By comparing consumption and income levels of China and some other "Chinese communities" such as Taiwan, Hong Kong and Singapore, Garnaut and Ma (1992, pp. 23-37) found that there is a strong relationship between the income level and the consumption level of meat consumption among the “Chinese communities”. This, however, is subject to the multiplication of the mainland China per capita GDP by a factor of 2 to 3, due to the likely underestimation of GDP in China. For example, meat consumption of 37.7 kg in 2000 in mainland China (based on our adjusted estimates) was equal to Taiwan's average consumption in 1978 and 1979 when Taiwan's per capita GDP was about 1700 US$ (Xiao 1993), which is twice the mainland's per capita GDP of 855 US$ in 2000 (7078 Yuan RMB, SSB 2001).
This finding provides a useful way to predict animal product consumption in China by comparing the income levels between China and other “Chinese communities”. This approach also possesses another advantage, that is, changes in consumer tastes and preferences have been “built in” in the projection, due to the similarities in their ethnic background. The following assumptions are made when using this “analogies method”:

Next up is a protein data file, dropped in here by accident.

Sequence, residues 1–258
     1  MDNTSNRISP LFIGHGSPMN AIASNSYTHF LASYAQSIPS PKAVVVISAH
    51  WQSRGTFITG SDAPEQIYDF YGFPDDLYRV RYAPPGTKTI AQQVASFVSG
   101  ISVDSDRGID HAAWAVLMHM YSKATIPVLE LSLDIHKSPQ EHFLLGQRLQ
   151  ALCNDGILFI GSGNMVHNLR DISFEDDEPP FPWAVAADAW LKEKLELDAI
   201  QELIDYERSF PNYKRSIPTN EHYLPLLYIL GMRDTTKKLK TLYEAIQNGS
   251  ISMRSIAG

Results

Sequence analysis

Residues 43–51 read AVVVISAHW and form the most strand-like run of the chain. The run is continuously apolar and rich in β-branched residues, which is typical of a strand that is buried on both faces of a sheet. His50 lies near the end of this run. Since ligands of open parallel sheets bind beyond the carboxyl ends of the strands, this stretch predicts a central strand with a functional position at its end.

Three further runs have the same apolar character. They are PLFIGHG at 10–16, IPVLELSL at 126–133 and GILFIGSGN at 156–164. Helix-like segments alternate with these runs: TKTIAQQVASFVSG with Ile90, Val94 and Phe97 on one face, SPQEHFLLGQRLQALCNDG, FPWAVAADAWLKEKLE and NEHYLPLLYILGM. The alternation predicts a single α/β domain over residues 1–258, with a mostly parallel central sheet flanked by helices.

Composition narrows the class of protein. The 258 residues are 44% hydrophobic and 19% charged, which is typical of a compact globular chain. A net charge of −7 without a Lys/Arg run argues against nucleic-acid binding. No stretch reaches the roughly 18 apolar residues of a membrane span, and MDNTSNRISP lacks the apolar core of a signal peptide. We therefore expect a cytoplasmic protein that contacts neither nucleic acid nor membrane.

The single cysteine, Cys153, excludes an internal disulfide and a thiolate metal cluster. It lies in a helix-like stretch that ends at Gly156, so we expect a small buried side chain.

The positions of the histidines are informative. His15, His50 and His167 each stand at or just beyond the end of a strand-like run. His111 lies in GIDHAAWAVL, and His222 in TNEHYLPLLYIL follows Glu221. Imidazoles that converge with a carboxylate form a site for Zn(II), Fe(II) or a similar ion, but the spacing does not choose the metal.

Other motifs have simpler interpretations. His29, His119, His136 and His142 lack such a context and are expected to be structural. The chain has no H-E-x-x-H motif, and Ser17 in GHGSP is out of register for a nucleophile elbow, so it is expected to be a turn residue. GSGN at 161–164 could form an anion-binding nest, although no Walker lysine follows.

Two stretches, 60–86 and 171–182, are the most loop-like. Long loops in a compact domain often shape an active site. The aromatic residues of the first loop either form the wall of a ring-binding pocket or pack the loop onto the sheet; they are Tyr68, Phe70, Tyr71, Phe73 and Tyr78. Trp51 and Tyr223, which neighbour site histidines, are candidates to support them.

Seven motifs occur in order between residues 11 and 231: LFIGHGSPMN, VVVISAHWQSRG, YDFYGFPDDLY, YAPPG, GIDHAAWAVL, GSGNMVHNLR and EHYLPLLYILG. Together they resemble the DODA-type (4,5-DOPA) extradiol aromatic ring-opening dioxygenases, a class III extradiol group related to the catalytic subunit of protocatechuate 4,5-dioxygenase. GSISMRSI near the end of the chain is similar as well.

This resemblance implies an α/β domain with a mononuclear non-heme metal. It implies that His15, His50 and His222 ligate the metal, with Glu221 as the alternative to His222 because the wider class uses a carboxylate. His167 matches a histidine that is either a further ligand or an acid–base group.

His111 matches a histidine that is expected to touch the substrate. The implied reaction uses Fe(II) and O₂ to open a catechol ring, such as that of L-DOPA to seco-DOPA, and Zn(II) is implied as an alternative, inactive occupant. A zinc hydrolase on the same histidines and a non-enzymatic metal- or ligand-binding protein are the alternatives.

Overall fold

(1) Consumers in mainland China and other “Chinese communities” have similar tastes and preference in meat consumption.
(2) China's per capita GDP will grow at an annual rate of 7% from 2000 to 2010. China's GDP annual growth rate was 12.0% during 1991-1995, and 8.3% during 1996-2000. Many believe that China's GDP will increase at an annual growth rate of about 8% from 2000 to 2010 (Li 1999, Lin 1999, Xu 2002). At the same time, population growth rate is slightly less than 1%. Thus, per capita GDP will grow at about 7%.
(3) The amount of meat consumption in mainland China is equal to the consumption in other Chinese communities such as Taiwan, Hong Kong and Singapore at the same income level when China's per capita GDP is multiplied by 2. However, the composition of meat will follow China's own pattern as exhibited in the past few decades.